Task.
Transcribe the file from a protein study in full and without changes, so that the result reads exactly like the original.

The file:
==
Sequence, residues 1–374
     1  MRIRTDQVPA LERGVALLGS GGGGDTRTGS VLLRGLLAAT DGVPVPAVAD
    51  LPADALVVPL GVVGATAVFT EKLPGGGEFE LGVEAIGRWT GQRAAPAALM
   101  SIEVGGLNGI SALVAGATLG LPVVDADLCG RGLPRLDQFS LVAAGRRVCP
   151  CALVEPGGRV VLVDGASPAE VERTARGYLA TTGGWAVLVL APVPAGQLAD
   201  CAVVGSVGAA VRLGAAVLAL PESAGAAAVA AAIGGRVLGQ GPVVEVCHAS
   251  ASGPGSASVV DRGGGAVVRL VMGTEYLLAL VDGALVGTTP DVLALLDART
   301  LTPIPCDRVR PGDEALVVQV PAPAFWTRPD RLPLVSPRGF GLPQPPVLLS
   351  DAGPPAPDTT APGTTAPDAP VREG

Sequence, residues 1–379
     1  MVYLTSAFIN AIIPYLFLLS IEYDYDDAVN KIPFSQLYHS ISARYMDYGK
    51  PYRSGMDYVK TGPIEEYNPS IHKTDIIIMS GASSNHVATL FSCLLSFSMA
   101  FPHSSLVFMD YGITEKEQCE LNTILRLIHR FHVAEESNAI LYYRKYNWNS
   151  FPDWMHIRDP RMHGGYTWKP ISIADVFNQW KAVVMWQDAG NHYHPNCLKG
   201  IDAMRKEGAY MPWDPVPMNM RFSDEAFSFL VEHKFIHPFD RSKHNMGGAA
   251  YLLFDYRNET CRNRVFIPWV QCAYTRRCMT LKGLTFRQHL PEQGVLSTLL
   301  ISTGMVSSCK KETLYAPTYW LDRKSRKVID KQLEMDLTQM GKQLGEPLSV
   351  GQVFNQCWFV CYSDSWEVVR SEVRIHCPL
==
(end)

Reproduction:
Sequence, residues 1–374
     1  MRIRTDQVPA LERGVALLGS GGGGDTRTGS VLLRGLLAAT DGVPVPAVAD
    51  LPADALVVPL GVVGATAVFT EKLPGGGEFE LGVEAIGRWT GQRAAPAALM
   101  SIEVGGLNGI SALVAGATLG LPVVDADLCG RGLPRLDQFS LVAAGRRVCP
   151  CALVEPGGRV VLVDGASPAE VERTARGYLA TTGGWAVLVL APVPAGQLAD
   201  CAVVGSVGAA VRLGAAVLAL PESAGAAAVA AAIGGRVLGQ GPVVEVCHAS
   251  ASGPGSASVV DRGGGAVVRL VMGTEYLLAL VDGALVGTTP DVLALLDART
   301  LTPIPCDRVR PGDEALVVQV PAPAFWTRPD RLPLVSPRGF GLPQPPVLLS
   351  DAGPPAPDTT APGTTAPDAP VREG

Sequence, residues 1–379
     1  MVYLTSAFIN AIIPYLFLLS IEYDYDDAVN KIPFSQLYHS ISARYMDYGK
    51  PYRSGMDYVK TGPIEEYNPS IHKTDIIIMS GASSNHVATL FSCLLSFSMA
   101  FPHSSLVFMD YGITEKEQCE LNTILRLIHR FHVAEESNAI LYYRKYNWNS
   151  FPDWMHIRDP RMHGGYTWKP ISIADVFNQW KAVVMWQDAG NHYHPNCLKG
   201  IDAMRKEGAY MPWDPVPMNM RFSDEAFSFL VEHKFIHPFD RSKHNMGGAA
   251  YLLFDYRNET CRNRVFIPWV QCAYTRRCMT LKGLTFRQHL PEQGVLSTLL
   301  ISTGMVSSCK KETLYAPTYW LDRKSRKVID KQLEMDLTQM GKQLGEPLSV
   351  GQVFNQCWFV CYSDSWEVVR SEVRIHCPL